Ultrametric space

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In mathematics, an ultrametric space is a special kind of metric space. Sometimes the associated metric is also called non-Archimedean metric or super-metric. Although some of the theorems for ultrametric spaces may seem strange at a first glance, they appear naturally in many applications.

Important applications arise in the field of denotational semantics, where points represent a certain amount of information or knowledge. A contraction mapping may then be thought of as a way of approximating the final result of a computation (which can be guaranteed to exist by the Banach fixed point theorem). Similar ideas can be found in domain theory. Another important field of application is phylogenetic trees.

P-adic analysis makes heavy use of the ultrametric nature of the p-adic metric.

Formal definition

Formally, an ultrametric space is a set of points M with an associated distance function (also called a metric)

d : M × MR

where R is the set of real numbers), such that for all x, y, z in M, one has:

  1. d(x, y) = 0   iff   x=y
  2. d(x, y) = d(y, x)   (symmetry)
  3. d(x, z) ≤ max{d(x, y), d(y, z)}   (strong triangle or ultrametric inequality).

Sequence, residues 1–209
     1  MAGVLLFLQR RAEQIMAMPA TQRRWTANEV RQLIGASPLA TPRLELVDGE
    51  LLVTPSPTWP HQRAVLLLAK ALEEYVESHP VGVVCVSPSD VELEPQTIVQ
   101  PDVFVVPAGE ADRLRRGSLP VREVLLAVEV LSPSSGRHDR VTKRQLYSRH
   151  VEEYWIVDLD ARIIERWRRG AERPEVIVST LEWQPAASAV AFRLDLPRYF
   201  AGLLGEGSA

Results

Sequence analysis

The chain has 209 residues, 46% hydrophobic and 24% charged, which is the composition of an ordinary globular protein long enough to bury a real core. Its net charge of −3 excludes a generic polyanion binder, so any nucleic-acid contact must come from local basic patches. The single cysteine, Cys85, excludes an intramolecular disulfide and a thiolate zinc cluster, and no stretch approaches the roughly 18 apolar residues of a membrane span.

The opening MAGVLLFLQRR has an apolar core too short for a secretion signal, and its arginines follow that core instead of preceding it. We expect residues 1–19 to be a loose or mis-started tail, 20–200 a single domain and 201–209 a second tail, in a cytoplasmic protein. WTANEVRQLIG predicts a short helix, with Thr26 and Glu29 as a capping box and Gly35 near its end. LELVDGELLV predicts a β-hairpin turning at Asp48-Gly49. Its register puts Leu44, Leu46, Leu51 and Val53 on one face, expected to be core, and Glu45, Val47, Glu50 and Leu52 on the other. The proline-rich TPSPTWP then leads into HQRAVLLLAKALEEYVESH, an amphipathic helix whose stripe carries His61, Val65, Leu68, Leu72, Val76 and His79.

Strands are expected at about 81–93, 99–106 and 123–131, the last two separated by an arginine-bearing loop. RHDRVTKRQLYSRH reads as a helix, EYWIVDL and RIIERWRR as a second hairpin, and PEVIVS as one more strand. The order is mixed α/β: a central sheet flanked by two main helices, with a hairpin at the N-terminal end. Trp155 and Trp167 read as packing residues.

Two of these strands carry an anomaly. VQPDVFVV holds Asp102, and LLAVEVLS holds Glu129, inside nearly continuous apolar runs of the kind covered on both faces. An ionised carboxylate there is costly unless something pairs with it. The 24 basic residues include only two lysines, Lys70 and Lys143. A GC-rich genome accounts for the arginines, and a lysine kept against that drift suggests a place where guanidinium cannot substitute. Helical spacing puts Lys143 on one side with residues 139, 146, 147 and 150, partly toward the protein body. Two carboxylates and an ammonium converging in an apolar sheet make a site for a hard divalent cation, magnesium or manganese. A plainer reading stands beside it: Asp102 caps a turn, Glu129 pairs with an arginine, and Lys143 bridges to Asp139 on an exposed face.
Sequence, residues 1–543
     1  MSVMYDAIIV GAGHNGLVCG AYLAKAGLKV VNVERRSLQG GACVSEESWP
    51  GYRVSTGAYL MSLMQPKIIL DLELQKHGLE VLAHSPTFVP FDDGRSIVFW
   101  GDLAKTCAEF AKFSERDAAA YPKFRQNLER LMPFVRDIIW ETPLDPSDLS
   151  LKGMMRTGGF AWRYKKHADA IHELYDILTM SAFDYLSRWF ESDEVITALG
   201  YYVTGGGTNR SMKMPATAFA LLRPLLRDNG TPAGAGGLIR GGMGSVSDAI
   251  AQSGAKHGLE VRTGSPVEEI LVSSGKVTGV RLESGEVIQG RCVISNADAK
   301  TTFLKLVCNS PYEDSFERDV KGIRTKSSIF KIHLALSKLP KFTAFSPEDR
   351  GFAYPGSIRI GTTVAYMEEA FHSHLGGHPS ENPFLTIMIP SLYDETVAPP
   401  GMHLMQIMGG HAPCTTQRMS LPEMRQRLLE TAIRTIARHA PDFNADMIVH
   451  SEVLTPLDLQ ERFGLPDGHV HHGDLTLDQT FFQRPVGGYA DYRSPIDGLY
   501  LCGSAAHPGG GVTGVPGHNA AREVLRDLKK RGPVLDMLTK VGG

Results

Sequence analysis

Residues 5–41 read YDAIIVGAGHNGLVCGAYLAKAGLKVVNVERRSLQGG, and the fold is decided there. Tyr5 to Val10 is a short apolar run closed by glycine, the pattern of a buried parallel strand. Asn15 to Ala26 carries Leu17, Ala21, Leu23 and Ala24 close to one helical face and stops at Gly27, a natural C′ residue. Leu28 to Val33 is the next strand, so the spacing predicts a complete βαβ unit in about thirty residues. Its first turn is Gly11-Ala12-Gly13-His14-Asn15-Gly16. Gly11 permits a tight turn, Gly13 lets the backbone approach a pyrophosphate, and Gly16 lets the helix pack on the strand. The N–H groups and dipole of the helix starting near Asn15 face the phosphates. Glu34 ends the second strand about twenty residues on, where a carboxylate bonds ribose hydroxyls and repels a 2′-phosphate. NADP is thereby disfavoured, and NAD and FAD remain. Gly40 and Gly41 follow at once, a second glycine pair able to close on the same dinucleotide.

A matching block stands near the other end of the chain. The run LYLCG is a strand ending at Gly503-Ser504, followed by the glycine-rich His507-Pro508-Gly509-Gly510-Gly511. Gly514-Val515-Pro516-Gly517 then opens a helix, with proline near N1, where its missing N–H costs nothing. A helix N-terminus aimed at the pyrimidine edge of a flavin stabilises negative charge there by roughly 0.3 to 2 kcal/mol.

Properties

From the above definition, one can conclude several typical properties of ultrametrics. For example, in an ultrametric space, for all x, y, z in M and r, s in R:

  • Every triangle is isosceles, i.e. d(x,y) = d(y,z) or d(x,z) = d(y,z) or d(x,y) = d(z,x).
  • Every point inside a ball is its center, i.e. if d(x,y) < r then B(x; r) = B(y; r).
  • Intersecting balls are contained in each other, i.e. if B(x; r) ∩ B(y; s) is non-empty then either B(x; r) ⊆ B(y; s) or B(y; s) ⊆ B(x; r).

Here, the concept and notation of an (open) ball is the same as in the article about metric spaces, i.e.

B(x; r) = { y ∈ M | d(x, y) < r } .
  • Such balls are both, open and closed sets, for the induced topology. The same is true for closed balls, defined by replacing "<" by "≤".
  • The set of all open balls with radius r and center in a closed ball of radius r > 0 forms a partition of the latter, and the mutual distance of two distinct open balls is again equal to r.

Proving these statements is an instructive exercise. Note that, by the second statement, a ball may have several center points that have non-zero distance. The intuition behind such seemingly strange effects is, that due to the strong triangle inequality distances in ultrametrics do not add up.

Examples

  1. Consider the set of words of arbitrary length (finite or infinite) over some alphabet Σ. Define the distance between two different words to be 2-n, where n is the first place at which the words differ. The resulting metric is an ultrametric.
  2. The p-adic numbers form a complete ultrametric space.de:Ultrametrik

fr:Norme ultramétrique

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